Drowning in Eggs

Crystal’s eggs weren’t the only ones i had to worry about. I was allergic to chicken eggs, though i had always dreamed of having chickens, much enjoyed them as pets, and found them totally useful as bug exterminators and in light of the fact that i had no garbage disposal to handle kitchen scraps. I was used to making regular runs to town to deliver free eggs to former coworkers. However, the eggs would not keep well in the car if i were to deliver them after work and with the physicality of my job i really needed to ice and elevate my foot on days off. I tried to convince people to come to me but the lure of free eggs was not strong enough to get people to drive from town to my land. I ended up giving the a/c repair man over three dozen eggs. He didn’t bring enough cartons so i put the rest in a cardboard box with some tissue paper. There’s only so many eggs my dogs can eat! One friend that lived in a neighboring small town was willing to drive out to me and i gave her 38 eggs. I now have another two dozen ready for her, not counting the ones the dogs have eaten gladly. Somebody asked me how i had so many eggs. I asked, “what do you mean?” They said everyone else who supplied them in the area said their hens had stopped or slowed down on laying eggs at this time of year. I pondered the notion. I had five chickens but i regularly got 3 to 4 eggs a day, and on occasion in the summer, 5. They said that my chickens must be happier than the other chickens to still be laying. I thought about it. I had made them a very small enclosure and i always thought that in itself would render them less than happy, but i had done it because i erected the structure myself while financially strained from buying my own ppe at marked-up prices and suffering from covid symptoms. That small pen was all i could afford and manage to erect. However, loving the chickens as i did, i made sure that if i was transferring my hand-raised babies from inside my tiny house out into the wild unknown, i was going to predator proof the pen. The roof kept hawks out of it. The trench with buried wire fencing attached to the bottom of the pen kept predators from digging under. The metal fence panels were insanely heavy and sturdy. To put it in perspective, i broke the key off in the padlock once and had to call my friend with bolt cutters to help me get in to feed the chickens because try as i might, i couldn’t figure a way. I even tried to unscrew the nuts and bolts to the door but it was put together in such a way that i would have had to have the door ajar at an angle to pull it out all the way and obviously, it was padlocked in a non-ajar position. There were foxes, raccoons, coyotes, hawks, and mountain lions that regularly passed through the area. I wanted to make it like a shark cage where divers could see the sharks but the sharks couldn’t get in. (I could point out several design flaws in actual modern-day shark cages but that is an issue for another day). I knew the chickens would witness foxes in the yard. I wanted to make sure witness was all they did. I made sure the door to the hen house was on the side farthest away from the fencing so that if a predator stuck his paw through, the chickens had a wide open escape route. I didn’t want coons reaching in and breaking the chickens necks from the outside. They were troublesome little creatures with a knack for just that kind of behavior. So i made a very small but sturdy structure and put the chickens in it. Everyone remarked how little space the chickens had to move around but they seemed contented. They took dust baths, scratched for food, ate the chicken feed, laid eggs, laid traps for bugs by mixing feed and water and eating whatever was attracted to the smell, caught flies and chased each other in circles around the hen house. They ate whatever organic veggie or fruit peelings and scraps i brought them daily. They seemed happy enough. They also enjoyed a daily pet from me. I would hold Daisy, petting her and hugging her tightly and she would settle her neck down and make a sort of cooing noise, squinting her eyes nearly shut. As i began to research what happy chickens looked like i ran across an article that claimed chickens egg yolk color changed based on the vitamin A content of their diet. The more orange the yolk was, the more vitamin A the chicken was getting.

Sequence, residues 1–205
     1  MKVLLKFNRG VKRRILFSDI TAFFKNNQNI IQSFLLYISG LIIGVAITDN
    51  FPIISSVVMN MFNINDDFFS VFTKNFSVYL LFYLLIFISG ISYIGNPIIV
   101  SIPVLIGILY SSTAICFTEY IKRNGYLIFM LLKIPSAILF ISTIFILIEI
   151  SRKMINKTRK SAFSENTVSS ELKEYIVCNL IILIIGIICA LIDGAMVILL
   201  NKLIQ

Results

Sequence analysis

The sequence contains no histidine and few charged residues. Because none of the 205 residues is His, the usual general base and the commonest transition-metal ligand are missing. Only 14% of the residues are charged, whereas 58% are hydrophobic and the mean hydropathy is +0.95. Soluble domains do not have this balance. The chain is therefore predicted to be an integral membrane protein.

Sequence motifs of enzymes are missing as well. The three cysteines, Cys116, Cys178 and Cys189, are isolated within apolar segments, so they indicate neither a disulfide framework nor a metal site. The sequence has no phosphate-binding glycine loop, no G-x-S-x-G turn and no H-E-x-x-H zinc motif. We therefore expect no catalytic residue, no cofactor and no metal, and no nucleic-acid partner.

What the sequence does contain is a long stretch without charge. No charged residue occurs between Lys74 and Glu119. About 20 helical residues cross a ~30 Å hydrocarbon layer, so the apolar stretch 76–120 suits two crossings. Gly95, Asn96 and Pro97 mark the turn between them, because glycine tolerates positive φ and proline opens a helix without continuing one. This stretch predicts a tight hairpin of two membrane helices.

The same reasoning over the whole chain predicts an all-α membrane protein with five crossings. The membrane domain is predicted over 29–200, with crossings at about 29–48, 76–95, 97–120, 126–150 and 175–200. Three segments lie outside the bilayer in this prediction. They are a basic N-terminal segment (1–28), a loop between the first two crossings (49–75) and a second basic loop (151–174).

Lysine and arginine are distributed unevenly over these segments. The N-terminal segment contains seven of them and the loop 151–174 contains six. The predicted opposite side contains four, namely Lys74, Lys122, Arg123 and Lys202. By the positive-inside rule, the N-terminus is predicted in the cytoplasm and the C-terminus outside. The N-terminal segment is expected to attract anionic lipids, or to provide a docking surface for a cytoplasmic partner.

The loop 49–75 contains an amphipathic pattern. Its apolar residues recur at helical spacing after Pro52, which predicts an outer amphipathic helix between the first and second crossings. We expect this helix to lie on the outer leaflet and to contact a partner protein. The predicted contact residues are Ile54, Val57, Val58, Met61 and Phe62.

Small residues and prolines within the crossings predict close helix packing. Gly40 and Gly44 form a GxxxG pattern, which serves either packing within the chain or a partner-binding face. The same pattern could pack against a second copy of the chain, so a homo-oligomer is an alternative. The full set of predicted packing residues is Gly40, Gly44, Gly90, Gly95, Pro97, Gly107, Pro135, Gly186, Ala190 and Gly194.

I was still drowning in eggs so i regularly cooked 4 on days off to feed to the dogs just so they weren’t wasted. I cracked four eggs into the pan and studied them for color. The egg yolks were pretty near orange. I smiled. The girls must be getting their vitamins from all those organic veggie table scraps now that a pandemic and budgeting was dictating i cook everything from scratch.

I developed a theory. I figured Rosie’s eggs ought to be a little oranger than the rest, as she was the biggest, fattest, most dominant chicken and she nearly always dominated the feeder and the kitchen scraps i threw to them. I opened one of Rosie’s eggs directly next to one of Petunia’s. Sure enough, Rosie’s egg yolk was slightly more orange. Each time i made eggs after that i made a point to compare Rosie’s egg to the others and it was always slightly more orange. I laughed. Rosie was hogging all the food.

I was not having a good time in the slightest dealing with 2020 and all it brought with it. However, the dogs were thrilled. I was unemployed for a time and traded that in for part-time work, so i was home more often and they were getting sunny side up eggs for breakfast for no reason that they could think of. According to them, they were having a wonderful year.

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